In the Portland Press-Herald, Alan Caron points out that, in his own fashion, Donald Trump is following that blowhard Polonius’s advice, “To thine own self be true,” because he can’t flipping help it.
All of this is a subset of a larger problem, which is Trump being Trump. People who become president get there because they can both energize primary voters and expand their support after the primary. Trump has done well with the first task and failed miserably with the second.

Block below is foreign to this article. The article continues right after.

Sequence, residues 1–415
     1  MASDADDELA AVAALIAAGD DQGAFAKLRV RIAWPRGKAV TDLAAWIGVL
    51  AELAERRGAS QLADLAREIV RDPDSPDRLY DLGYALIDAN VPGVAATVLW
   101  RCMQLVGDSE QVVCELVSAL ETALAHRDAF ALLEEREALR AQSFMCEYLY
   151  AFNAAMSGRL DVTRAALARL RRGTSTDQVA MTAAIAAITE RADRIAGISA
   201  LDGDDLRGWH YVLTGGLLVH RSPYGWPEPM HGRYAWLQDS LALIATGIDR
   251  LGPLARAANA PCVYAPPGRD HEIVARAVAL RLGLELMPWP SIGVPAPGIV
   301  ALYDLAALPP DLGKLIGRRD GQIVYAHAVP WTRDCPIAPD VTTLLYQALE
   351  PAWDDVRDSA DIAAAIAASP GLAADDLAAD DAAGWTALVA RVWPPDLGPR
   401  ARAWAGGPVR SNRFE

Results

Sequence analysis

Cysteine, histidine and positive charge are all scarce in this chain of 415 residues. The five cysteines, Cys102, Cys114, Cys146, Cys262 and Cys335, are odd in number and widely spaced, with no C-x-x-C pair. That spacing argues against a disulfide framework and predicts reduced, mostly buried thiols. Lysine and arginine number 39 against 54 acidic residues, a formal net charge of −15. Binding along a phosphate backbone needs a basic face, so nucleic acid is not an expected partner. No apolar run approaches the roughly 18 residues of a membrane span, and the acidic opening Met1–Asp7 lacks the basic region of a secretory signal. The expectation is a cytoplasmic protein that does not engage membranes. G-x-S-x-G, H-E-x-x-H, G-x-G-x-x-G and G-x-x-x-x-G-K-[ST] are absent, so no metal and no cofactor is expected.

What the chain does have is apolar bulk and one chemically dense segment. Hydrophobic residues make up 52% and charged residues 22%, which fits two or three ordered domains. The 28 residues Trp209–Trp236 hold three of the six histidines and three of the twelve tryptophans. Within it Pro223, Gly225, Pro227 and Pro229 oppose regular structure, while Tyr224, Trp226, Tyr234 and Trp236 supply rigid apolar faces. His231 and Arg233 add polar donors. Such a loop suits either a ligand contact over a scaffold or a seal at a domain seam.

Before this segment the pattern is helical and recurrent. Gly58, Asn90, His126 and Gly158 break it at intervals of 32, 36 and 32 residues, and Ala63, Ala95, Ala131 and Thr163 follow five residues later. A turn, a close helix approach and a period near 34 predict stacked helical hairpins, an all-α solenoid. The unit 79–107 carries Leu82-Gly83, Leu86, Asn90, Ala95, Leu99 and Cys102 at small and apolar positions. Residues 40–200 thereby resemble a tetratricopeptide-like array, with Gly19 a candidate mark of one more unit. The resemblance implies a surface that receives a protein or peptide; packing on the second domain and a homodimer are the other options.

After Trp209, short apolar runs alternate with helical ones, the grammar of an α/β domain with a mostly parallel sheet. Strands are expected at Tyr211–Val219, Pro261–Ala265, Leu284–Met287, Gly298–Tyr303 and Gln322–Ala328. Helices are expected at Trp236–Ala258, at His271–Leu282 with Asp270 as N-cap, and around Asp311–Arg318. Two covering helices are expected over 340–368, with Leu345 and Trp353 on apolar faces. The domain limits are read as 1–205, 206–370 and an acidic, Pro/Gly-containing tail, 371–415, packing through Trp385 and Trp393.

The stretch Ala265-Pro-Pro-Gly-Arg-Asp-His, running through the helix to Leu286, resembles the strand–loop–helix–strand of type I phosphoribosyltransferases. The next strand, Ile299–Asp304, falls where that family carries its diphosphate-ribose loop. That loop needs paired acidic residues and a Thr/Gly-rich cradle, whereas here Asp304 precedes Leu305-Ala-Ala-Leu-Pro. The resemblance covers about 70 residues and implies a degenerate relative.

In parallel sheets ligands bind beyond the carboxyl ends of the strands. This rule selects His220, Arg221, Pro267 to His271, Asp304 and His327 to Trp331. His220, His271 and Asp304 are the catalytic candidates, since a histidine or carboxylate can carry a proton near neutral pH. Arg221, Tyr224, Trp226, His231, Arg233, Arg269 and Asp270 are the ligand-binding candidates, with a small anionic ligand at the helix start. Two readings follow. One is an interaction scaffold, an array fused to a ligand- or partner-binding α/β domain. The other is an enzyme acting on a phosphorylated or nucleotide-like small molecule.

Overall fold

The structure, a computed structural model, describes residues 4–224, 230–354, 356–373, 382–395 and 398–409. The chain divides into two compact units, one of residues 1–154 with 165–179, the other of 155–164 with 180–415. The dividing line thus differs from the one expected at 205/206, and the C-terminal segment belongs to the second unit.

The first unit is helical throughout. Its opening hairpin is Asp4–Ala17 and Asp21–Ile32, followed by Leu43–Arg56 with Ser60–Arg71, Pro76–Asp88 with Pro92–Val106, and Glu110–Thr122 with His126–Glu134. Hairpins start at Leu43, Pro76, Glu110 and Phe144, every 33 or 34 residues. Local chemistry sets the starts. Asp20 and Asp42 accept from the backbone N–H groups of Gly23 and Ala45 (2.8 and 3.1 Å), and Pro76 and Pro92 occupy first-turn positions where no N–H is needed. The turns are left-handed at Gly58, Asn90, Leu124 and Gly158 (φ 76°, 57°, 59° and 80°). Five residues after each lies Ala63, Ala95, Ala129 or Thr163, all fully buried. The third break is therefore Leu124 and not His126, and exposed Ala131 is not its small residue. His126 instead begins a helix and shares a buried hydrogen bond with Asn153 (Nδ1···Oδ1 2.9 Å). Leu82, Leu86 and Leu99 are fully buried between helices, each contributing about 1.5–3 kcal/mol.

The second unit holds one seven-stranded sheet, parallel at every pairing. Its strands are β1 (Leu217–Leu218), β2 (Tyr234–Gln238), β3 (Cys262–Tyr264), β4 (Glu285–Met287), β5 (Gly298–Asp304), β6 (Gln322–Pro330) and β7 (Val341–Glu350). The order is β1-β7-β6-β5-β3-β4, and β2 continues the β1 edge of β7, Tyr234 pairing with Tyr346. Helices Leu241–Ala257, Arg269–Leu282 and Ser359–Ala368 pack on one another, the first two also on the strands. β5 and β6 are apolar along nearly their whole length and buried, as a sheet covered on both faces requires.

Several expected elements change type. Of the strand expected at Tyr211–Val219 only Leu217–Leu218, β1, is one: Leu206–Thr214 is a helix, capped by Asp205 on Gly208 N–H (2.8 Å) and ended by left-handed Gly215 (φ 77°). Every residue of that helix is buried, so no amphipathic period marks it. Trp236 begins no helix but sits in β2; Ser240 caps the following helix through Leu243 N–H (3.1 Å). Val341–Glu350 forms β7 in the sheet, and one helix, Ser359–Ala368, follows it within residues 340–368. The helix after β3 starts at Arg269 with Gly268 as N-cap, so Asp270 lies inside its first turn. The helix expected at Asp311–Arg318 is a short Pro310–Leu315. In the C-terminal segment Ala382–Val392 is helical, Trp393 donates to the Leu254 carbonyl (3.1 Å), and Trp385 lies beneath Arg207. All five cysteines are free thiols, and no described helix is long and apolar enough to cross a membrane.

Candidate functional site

Not that Trump hasn’t tried. For a while, he brought in new people. He worked with the national party on fundraising and field operations. Seasoned veterans of national campaigns helped him with messaging. He began to read from a teleprompter rather than rely on stream-of-consciousness riffs in his speeches. And his polling numbers began to rise.
But Trump’s attempts to broaden his support among women, more educated suburban voters, Hispanics and moderate Republicans were short-lived and at times painful to watch. He seemed to be awkwardly out of his element talking to a mainstream America that doesn’t think and act like him. . . .
Quickly enough, his bad habits began to take over. He couldn’t help himself.